Motorcycles The Story Behind David Aldana’s Legendary Skeleton LeathersDavid Aldana's riding style and unique sense of fashion made him a larger-than-life motorcycle racer and showman.
- Words Ian J. D. Logan
- Illustrations Chris Malbon
When David Aldana walked out onto the track for the 1975 AMA season opener in Houston, he wore a black set of racing leathers, its front emblazoned with a skeleton in white. He was a specter — a memento mori painting come to life.
Elvis. Evel Knievel. Liberace. They all constructed garments that made them larger than life. Aldana joined those whose attire became synonymous with their identity. Like Superman, the suit transformed the wearer into a force with seemingly supernatural power; without it, he was a mere mortal.
Aldana became one of the most beloved riders in the country after getting his start on the dirt flat tracks of southern California. Fans loved him for his showmanship and devil-may-care, go-for-broke riding style, where he was just as likely to crash as win. “If you don’t fall off now and then, you don’t know how fast you can go,” he claimed.
In 1975, Aldana rode for Norton, which was going through financial difficulties and had to drop support for the American racing team. Free from the constraints of having to fly the flag for any company, Aldana had a set of leathers made for the sole purpose of amusing himself — and sticking a finger in the eye of the American Motorcyclist Association.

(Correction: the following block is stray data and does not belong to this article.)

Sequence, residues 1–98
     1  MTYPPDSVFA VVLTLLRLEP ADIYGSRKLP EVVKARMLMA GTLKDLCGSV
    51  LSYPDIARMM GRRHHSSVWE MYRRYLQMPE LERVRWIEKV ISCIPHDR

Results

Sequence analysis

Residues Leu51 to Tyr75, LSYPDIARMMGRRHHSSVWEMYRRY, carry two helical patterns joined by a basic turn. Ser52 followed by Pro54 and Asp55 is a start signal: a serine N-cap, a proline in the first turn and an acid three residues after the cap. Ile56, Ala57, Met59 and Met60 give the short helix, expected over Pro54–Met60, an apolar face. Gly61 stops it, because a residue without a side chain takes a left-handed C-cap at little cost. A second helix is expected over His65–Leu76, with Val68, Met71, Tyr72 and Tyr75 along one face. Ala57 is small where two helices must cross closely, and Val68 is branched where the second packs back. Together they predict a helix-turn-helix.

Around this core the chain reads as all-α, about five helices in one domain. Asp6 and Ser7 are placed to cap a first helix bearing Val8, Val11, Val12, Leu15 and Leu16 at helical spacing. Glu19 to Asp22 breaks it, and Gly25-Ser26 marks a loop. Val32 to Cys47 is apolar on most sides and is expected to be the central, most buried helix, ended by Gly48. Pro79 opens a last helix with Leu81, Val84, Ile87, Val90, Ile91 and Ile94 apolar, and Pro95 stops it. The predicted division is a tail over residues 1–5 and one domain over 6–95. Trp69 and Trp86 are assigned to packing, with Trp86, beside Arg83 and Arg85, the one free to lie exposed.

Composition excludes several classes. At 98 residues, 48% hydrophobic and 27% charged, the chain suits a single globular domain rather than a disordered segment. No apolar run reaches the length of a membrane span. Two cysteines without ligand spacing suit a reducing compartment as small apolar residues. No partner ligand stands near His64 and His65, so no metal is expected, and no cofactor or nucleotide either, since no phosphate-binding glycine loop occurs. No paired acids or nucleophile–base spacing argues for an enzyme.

He was a specter — a memento mori painting come to life.
At the time, the AMA was trying to distance motorcycling from the image of the outlaw biker that had come to prominence in the 1950s and ’60s due to films like The Wild Ones and books like Hunter S. Thompson’s Hell’s Angels. Riders were forbidden to wear the solid black leathers that were associated with that biker look unless they featured a highly contrasting color. Aldana complied with the rule (if not its spirit) by having Bates Leathers sew a skeleton to the front of his solid black suit, which only added to its audaciousness.
One can imagine the sight of the ghostly visage careening through corners for the first time. With a sport as dangerous as motorcycle racing, to present a figure so macabre was to thumb a nose at death itself.
These days the suit has taken on a life of its own. Aldana still wears the leathers when competing in vintage races, because that is what the fans expect to see. For better or worse, he cannot escape this thing that he has made. It envelops, protects — and at times, overshadows — the man and the accomplished racer who is forever bound to live inside it.